As Mayor of Margate he modernised the Mayoralty, including conservation of some of the artefacts and this included taking an interest in conserving tradition. Infact he made the Charter Trustees more relevant to the people of Margate. Palm Bay School was also his idea and so was Westwood Cross. But at the end of the day he was a great bloke, had a good life and his family can be proud of him.
Roy's funeral is at St John's Church Margate on 15th October at 11:15.
Thursday, 7 October 2010
This week two more Butlins badges of different years 1958 and 1964 are up for auction on Ebay of which I will be watching.
The whole idea of my monitoring of Butlins badges is part of may data base of Margate seaside items. To give an example of how many Thanet items are up for sale on ebay, last week there were 1,480 items related to Margate, 1,206 for Ramsgate and 641 for Broadstairs all up for sale. The majority of items were mostly postcards or printed items, the rest consisting of crested china , ceramics, football club items and metal ware such as badges and souvenirs. I find such quantities a breathe of fresh air because ever since the fire that destroyed the Ramsgate Museum in the Ramsgate library I have always looked at the possibilities of how a collection could be rebuilt the Margate Museum ever suffer the same fate. There is also another plus factor in the number of private collectors there are. A few days ago I spoke to someone who is also a member of the Margate Historical Society and he told me that his collection of Margate postcards is over 6,000 and he has now over 2,000 Margate items which dwarfs the Margate Museum collection if you discount the art collection. Which backs up my theory that Margate's history and heritage will undergo a Renaissance.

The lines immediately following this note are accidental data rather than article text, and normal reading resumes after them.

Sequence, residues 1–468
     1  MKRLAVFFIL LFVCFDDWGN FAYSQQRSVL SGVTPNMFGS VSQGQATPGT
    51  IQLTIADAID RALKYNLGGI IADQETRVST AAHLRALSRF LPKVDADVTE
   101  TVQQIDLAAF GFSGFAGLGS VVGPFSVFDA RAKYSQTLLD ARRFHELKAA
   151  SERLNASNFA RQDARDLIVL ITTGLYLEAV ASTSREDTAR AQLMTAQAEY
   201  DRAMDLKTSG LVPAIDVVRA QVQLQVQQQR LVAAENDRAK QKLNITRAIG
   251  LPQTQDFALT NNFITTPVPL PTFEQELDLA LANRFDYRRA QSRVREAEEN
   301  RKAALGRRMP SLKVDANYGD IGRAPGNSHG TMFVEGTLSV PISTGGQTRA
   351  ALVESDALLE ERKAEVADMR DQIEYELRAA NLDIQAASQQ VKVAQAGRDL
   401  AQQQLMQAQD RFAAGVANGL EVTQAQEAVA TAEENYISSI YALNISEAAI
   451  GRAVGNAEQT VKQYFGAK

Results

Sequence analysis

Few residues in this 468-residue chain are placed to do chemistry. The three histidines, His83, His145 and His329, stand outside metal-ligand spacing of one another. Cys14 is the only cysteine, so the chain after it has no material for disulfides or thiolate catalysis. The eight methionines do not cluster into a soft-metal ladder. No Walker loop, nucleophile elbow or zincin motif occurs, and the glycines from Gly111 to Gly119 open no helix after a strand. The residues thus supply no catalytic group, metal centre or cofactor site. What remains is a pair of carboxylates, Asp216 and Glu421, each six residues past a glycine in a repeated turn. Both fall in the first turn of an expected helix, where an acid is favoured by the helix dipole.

Like it or loathe it once the Turner Center is built Margate's seaside history and heritage will undergo a renaissance which will spill into the other Thanet towns. I also believe it will also be the catalyst that finally gives Thanet history the status it deserves.
Wednesday, 6 October 2010
Sunday, 3 October 2010
To our surprise, Butlins badges turned out to be a specialist collectors market and the Margate badges are right up there and highly sort after. Obviously, some years and colour are rarer than others, but by rule of thumb the 1950's versions fetch good money and the 1960's versions seem to be worth anything from £5 - £20 each .
At the very top of this posting is a 1955 badge featuring a red crab, this badge recently fetched £70 on ebay after 8 bids. The 1961 with the blue background cost me £8.00 as few years back and the same version with a red background is worth more. The 1967 badge at the bottom of this posting is very common issue and can still fetch around £5.00. The 1962 version below is one of the many varieties for that year and is currently up for auction on ebay.
Saturday, 2 October 2010